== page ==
Leadership Models: Two Options Worth Practicing

leadership modelsStrong leaders are essential for a successful project, but what goes into making a good leader?  There are many competing ideas for what a leader should be like, and many situations that require different types of leadership. This scenario has culminated into what we now call leadership models. Examples of some of the leadership models are exemplary leadership, servant leadership, transformational leadership, situational leadership and competency-based leadership.

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Each leadership model has had its fair share of criticism. For example, an article in Forbes recently criticized the way companies often judge and promote leaders.  Many companies see competency as the key quality that a leader should be judged on, but this leaves out most of the qualities that make a good leader.

“Nothing fractures corporate culture faster, and eviscerates talent development efforts more rapidly, than rewarding the wrong people for the wrong reasons. Don’t reward technical competency – reward aggregate contribution.”

The author, Mike Myatt, argues that technical competency should be assumed and not rewarded.  Instead, companies need to promote leaders who know how to use their knowledge well, inspire others, and create a team-oriented atmosphere.

With that being said, let’s take a look at a couple of the popular leadership models being used in the business world today.

Exemplary Leadership

This model is based on the concept that the best leaders do the same things wherever they are, rather than assuming that they share certain personality traits.  The five essential practices of exemplary leadership are:

  1. Model the Way – Leaders act the way they want their teams to act, and serve as models for behavior.  They show how fellow employees, supervisors, and customers should be treated. They set the standard.
  2. Inspire a Shared Vision – If the leader doesn’t believe in what they are doing, their team won’t care much either.  Great leaders share their vision with their teams, bringing their own charisma and creativity to the project and inspiring others to do the same.
  3. Challenge the Process – Leaders are in the best position to make real changes in the direction of a project, and they need to be confident enough to take new opportunities that may be at odds with the status quo.  They can’t be afraid to make mistakes, which are inevitable.
  4. Enable Others to Act – Leaders are nothing without people to lead.  They should actively involve team members and encourage them to act and contribute ideas.  Respecting each team member builds the sense of community and openness vital to creating a great project.
  5. Encourage the Heart – Leaders need to know that sometimes work can be quite challenging, and people are often frustrated.  By always acknowledging personal contributions and sharing the results of good work, leaders can make others feel like the star of the show and keep their teams motivated.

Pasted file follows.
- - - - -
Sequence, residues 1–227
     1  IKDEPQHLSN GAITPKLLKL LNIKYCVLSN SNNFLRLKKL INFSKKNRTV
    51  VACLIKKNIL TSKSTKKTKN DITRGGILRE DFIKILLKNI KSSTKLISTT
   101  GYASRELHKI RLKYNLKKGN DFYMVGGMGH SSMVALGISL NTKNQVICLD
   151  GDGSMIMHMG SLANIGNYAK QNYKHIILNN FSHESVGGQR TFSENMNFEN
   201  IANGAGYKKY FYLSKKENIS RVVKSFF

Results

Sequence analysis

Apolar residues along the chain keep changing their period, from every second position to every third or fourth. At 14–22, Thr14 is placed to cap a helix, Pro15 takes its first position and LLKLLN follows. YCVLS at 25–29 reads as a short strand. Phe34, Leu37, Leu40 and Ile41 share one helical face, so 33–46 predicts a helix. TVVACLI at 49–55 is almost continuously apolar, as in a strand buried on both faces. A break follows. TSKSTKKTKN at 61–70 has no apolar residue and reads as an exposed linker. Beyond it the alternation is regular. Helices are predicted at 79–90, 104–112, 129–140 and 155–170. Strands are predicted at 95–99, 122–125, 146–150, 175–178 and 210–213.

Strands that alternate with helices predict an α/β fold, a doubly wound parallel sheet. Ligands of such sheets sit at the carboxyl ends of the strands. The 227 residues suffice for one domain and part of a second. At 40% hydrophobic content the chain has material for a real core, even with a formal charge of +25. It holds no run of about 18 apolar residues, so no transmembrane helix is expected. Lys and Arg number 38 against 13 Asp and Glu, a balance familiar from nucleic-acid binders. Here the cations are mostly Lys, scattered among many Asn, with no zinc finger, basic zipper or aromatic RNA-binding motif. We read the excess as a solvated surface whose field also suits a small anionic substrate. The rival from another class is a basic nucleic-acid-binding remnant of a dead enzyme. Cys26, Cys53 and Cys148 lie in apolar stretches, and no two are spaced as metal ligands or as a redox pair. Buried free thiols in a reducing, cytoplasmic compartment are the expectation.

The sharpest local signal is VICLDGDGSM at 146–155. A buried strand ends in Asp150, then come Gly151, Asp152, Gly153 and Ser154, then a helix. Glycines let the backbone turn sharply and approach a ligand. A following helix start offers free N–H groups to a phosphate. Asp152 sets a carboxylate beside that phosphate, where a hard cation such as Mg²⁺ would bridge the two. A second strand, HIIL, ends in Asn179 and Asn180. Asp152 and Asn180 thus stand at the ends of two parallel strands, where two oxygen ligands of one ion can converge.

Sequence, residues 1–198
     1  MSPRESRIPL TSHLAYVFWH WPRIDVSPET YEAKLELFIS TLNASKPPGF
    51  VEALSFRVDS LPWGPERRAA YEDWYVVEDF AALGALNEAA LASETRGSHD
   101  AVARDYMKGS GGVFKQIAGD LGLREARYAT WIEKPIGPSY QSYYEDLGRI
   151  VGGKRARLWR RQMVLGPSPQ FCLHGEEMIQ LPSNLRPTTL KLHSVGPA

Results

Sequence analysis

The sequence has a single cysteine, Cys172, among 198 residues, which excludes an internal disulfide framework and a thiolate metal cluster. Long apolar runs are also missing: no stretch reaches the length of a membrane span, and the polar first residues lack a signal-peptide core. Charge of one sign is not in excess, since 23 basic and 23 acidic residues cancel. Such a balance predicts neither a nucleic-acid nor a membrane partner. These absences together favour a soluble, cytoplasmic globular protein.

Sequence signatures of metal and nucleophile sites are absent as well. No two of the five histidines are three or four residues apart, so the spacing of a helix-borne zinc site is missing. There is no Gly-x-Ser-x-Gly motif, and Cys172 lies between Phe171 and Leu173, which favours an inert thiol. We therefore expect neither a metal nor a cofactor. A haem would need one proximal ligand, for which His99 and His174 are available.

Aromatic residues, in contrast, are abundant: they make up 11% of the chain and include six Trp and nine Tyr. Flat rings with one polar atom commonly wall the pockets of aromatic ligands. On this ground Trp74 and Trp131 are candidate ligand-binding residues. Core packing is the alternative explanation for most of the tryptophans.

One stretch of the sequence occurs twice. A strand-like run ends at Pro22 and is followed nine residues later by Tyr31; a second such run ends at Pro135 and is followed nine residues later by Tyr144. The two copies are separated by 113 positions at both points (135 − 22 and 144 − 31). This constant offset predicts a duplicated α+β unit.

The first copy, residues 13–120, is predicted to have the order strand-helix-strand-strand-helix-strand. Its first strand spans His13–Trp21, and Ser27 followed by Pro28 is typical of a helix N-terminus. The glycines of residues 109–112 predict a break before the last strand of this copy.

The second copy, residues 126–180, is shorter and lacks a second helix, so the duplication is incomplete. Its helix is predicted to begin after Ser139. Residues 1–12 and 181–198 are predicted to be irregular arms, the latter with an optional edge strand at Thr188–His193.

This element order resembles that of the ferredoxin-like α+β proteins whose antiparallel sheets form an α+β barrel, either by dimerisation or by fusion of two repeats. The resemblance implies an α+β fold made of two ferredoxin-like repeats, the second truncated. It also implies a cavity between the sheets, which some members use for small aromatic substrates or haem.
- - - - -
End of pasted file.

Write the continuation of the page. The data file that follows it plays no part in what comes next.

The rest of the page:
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Servant Leadership

This style of leadership takes the view that leaders are there to enable others, to encourage a team to create something that no individual could.  The Seven Pillars of servant leadership are:

  1. Being A Person of Character – who maintains integrity and humility.
  2. Putting People First – someone who is there to serve and cares for people.
  3. Skilled Communication – showing empathy and encouraging feedback.
  4. Compassionate Collaboration – giving congratulations when they are due, negotiating conflict well.
  5. Foresight – being able to predict future developments and problems.
  6. Systems Thinking – being comfortable working with complicated systems with many facets.
  7. Leading with Moral Authority – moral authority is something that can only be given by others, and this is a reflection of how well a leader encompasses the previous six pillars.

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These two leadership models differ on their overall perspectives as well as some of their guidelines, but they are similar in many ways.  In each, a leader must serve as the example for behavior and encourage their teams to work together creatively.  You may notice that both of these models focus on the aspects of leadership that companies should be promoting, according to the Forbes article above.

Just like any other field of knowledge, it will greatly benefit leaders of all kinds to be aware of multiple models of leadership, giving them a more comprehensive view of the relationship between a leader and their team.

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